Yacht Club Games, who most likely don’t actually code while in a yacht club, started Shovel Knight on the venerable crowdsourcing platform, Kickstarter. It was released on the 3DS, WiiU, and PC platforms, with the PlayStation consoles noticeably absent. Fast forward less than a year, and here we are! Does Shovel Knight‘s tight platforming make the transition smoothly?
If you’re a fan of the game already, then you can probably just stop reading this review and buy the game. The answer is a decisive yes, this is a very smooth transition. No matter which PlayStation you’re loading Shovel Knight onto, the game runs smoothly and without issue. The game is only designed to look old; it has no stuttering, and the graphics are blocky but crisp.
Controls are just about as simple as they used to be back in the NES days. You use the directional pad to move, X to jump, square to attack, and circle to back out of menus. Combat is even simplified to use a handful of buttons. Much like if this were actually released on an 8-bit system, using an item involves pressing up and attack at the same time. You do use the DualShock 4’s touchpad button to bring up the gear menu, but that is only because it serves as what would have been the select button on a retro controller. I have to admit that it took a little getting used to not using all the buttons on the controller, but soon I was quaffing potions as naturally as I was hopping on my shovel.
Shovel Knight Review (PS4/Vita) -- PlayStation LifeStyle
Shovel Knight is a platforming game with a light touch of RPG elements. You start out pretty weak, with only a few health points standing between you and a painful death. Luckily, you can earn more life and mana, and purchase items to help you survive a little big longer. Platforming is very tight, and any deaths you suffer are done by your own doing. I don’t think I ever saw a single collision glitch or odd behavior in any item; once you memorize an area, it’s up to your timing and execution to get through an area unscathed.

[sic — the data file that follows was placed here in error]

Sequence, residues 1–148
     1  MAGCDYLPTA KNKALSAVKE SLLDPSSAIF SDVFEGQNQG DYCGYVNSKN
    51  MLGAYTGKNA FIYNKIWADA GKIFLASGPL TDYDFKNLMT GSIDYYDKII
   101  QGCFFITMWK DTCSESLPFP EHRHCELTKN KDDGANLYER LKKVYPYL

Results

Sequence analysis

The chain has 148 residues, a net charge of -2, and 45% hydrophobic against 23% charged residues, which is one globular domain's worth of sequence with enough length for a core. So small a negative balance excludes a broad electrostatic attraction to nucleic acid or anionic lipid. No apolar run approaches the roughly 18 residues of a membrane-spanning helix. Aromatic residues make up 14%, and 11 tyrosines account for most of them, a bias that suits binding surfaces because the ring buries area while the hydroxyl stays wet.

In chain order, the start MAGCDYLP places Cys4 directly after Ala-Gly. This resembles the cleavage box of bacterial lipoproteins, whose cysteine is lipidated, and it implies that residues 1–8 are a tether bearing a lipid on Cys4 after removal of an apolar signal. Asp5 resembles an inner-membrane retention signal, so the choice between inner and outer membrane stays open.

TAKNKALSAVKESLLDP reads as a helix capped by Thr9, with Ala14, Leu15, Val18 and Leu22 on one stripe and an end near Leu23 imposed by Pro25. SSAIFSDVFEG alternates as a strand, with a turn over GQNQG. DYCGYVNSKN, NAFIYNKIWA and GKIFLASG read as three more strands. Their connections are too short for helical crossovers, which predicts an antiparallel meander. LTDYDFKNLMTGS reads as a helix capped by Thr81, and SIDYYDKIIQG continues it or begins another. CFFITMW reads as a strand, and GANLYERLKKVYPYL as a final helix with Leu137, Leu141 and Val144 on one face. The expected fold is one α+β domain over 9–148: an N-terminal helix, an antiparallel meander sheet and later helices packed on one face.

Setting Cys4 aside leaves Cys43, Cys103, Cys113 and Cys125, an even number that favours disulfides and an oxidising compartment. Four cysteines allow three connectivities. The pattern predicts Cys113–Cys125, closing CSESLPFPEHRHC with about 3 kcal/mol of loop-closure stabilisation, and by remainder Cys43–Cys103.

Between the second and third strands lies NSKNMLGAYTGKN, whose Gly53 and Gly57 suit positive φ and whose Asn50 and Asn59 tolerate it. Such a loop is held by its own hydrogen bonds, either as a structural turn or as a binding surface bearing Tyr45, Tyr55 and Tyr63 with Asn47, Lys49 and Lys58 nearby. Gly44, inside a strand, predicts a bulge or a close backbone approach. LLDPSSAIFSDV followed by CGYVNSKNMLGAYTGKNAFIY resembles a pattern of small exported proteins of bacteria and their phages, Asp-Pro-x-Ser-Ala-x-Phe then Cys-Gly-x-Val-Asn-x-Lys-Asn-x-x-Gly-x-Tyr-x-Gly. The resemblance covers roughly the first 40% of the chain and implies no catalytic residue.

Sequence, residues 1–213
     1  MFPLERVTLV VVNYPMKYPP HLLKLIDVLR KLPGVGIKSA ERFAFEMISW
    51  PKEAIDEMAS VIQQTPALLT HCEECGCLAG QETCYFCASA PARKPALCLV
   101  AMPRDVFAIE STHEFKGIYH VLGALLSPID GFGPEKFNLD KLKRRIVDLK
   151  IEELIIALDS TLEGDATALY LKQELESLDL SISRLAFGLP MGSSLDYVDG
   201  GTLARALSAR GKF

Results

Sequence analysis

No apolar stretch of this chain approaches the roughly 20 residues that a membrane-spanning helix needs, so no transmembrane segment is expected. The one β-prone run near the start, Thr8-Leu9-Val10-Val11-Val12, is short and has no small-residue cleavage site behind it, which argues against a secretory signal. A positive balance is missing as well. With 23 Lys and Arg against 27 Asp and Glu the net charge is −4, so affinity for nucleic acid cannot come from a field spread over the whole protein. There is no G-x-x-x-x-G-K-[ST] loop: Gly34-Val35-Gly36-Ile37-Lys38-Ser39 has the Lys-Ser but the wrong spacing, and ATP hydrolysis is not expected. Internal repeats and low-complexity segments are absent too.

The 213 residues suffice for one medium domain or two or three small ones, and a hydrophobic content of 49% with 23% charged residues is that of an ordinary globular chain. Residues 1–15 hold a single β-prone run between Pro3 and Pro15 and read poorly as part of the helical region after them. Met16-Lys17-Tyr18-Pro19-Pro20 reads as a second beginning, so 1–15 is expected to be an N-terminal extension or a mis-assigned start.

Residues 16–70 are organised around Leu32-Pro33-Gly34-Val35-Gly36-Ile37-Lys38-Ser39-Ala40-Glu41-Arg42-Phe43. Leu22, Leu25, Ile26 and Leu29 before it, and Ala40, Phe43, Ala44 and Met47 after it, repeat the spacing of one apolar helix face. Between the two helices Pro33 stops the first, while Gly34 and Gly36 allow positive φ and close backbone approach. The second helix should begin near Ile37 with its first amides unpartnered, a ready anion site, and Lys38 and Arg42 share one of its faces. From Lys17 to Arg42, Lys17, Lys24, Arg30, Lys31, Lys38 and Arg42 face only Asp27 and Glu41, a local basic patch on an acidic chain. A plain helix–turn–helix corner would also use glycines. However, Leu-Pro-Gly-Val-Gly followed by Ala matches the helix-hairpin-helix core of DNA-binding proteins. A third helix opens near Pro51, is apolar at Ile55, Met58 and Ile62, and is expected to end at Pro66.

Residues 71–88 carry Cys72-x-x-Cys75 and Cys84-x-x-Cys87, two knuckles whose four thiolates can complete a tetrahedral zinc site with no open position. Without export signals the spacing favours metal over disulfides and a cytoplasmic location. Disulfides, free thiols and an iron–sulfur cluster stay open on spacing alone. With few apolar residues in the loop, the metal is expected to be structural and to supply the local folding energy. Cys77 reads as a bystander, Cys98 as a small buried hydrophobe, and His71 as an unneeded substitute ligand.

Every level that you visit is multi-tiered, nuanced, and incredibly detailed despite being artificially limited in color palette. You have to pay close attention to any markings on a wall, because it is often an indicator that things are not quite as they seem. There are also shiny sections to a level that will trick you at first encounter. Expect to re-visit levels as you attempt to uncover all their secrets. Also expect mid-level mini-bosses who will catch you by surprise if you’re not careful, but who are totally conquerable no matter your current equipment. There are a dozen or so levels – if I had one criticism of Shovel Knight, it’s that I wanted more levels!
The sound in Shovel Knight is absolutely perfect. It genuinely sounds like 8-bit audio is pumping out of these modern PlayStation consoles. There’s simply beeps and boops that are reminiscent of any of the great 8-bit games such as Zelda, Final Fantasy or (insert your favorite game from that era here). As you travel from land to land, you will find music sheets. You bring these back to a musician, who will pay you relatively handsomely for your trouble and will also play any of the sheets that you have found, should you so desire. I quickly found a favorite music track and would have him play it whenever I needed to visit the village for an upgrade or two.
While Shovel Knight is one big homage to the 8-bit era, it also includes some modern upgrades. For starters, there is a (usually) generous checkpoint system. If you think a checkpoint system is blasphemy in any true 8-bit game, you can destroy them! The checkpoint then bursts open, spewing out a bunch of gems while simultaneously becoming inactivated. It’s a great compromise, and purists will be happy to see that they can play a level the hard way if they so choose. There is also New Game+, which effectively doubles playability. Oh, and as a PlayStation exclusive, cross-save functionality is also present, so you can play at home and on the go. The only issue I had with this is that unlike other games like Rogue Legacy, the cross-save data must be manually uploaded.
Shovel Knight is just what any veteran gamer’s inner child needs. Between the tight platforming, nostalgia-inducing graphics, and pitch-perfect sound design, old-school gamers need look no further for their fix. Younger gamers will appreciate the modern additions of checkpoints and Cross-save functionality, while hardcore gamers can simply smash those checkpoints and reap the rewards. It’s incredible to see a game that doesn’t just imitate the 8-bit era, but perfectly embodies it.
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